No special story, just a knot on a rope on a ferry boat on a safari one foggy morning in the Periyar Wildlife Sanctuary. 
I feel like I am caught in the undertow right now, hence the title and the quote. 

Saturday, March 5, 2011

On the mark...get set...go!!!

So, my Final Year MBBS results came out, and I have passed. Yayyy!!! :D
Couldn't post anything earlier since a virus ate up my hard disk. I would have new photos for you, except my data's still getting recovered :(

I've already finished with the first week of internship, and it's been fun. I've been thinking about what's coming in this next year, making plans, just getting into a rhythm.

So here's what I wish next year would look like:
1. All I do is complete my internship sincerely, enjoy the process, learn well, and study about whatever I learn in the hospitals everyday.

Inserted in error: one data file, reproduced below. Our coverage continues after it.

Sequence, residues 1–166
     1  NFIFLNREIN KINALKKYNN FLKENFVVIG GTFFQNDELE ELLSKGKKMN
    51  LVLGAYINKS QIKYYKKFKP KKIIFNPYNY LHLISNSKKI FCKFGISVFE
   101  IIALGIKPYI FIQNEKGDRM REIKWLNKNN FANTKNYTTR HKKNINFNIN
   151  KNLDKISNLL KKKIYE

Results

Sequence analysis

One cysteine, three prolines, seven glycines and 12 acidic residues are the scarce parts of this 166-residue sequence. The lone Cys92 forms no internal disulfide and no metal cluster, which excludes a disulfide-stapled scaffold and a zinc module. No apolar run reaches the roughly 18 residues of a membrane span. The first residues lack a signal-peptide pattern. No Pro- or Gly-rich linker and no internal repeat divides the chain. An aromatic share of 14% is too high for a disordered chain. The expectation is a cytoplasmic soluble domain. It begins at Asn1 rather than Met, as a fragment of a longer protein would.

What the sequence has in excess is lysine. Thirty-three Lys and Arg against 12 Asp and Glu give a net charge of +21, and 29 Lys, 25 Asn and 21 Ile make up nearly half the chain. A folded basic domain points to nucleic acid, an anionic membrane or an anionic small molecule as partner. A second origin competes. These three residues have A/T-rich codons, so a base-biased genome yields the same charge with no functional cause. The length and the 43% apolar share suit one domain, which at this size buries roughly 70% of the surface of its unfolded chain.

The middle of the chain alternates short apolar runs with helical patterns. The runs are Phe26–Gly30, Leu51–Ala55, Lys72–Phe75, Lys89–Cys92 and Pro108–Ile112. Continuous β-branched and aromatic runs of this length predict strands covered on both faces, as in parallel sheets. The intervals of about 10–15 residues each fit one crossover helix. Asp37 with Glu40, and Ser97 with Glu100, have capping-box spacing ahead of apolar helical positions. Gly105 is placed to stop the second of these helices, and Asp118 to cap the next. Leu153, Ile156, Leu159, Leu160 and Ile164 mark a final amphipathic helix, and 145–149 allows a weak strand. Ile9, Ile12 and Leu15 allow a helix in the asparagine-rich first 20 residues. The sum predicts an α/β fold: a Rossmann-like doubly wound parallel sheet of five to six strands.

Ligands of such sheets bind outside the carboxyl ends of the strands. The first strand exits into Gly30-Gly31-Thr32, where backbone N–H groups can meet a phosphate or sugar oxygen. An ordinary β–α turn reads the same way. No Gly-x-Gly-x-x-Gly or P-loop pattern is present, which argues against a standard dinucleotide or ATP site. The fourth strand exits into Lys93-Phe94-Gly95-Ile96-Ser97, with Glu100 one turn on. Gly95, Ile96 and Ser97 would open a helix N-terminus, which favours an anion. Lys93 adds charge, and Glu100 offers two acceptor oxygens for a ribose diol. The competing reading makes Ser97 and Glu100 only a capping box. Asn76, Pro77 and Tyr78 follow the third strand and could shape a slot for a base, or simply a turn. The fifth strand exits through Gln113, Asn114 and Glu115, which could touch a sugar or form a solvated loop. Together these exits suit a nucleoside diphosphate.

2. Post frequently on this blog, so that it takes me places.
3. Regale you (my dear readers) with lots of fabulous tales and stories from my internship.
4. Click a whole lot of photos with Troy (my camera).
5. Keep up with my friends and family.
6. Thoroughly enjoy my sisters big fat Indian wedding.
7. Watch all the great movies that will be coming out this year.
8. Write. A lot.
9. Read. A lot. Of non-medical books.
10. Just have a life.

Sigh. Whatever. A girl can dream, right?

Anyhow, here's what next year is actually going to look like, in all probability (basically it's a repeat of what last year was for me, except instead of college I will now have internship):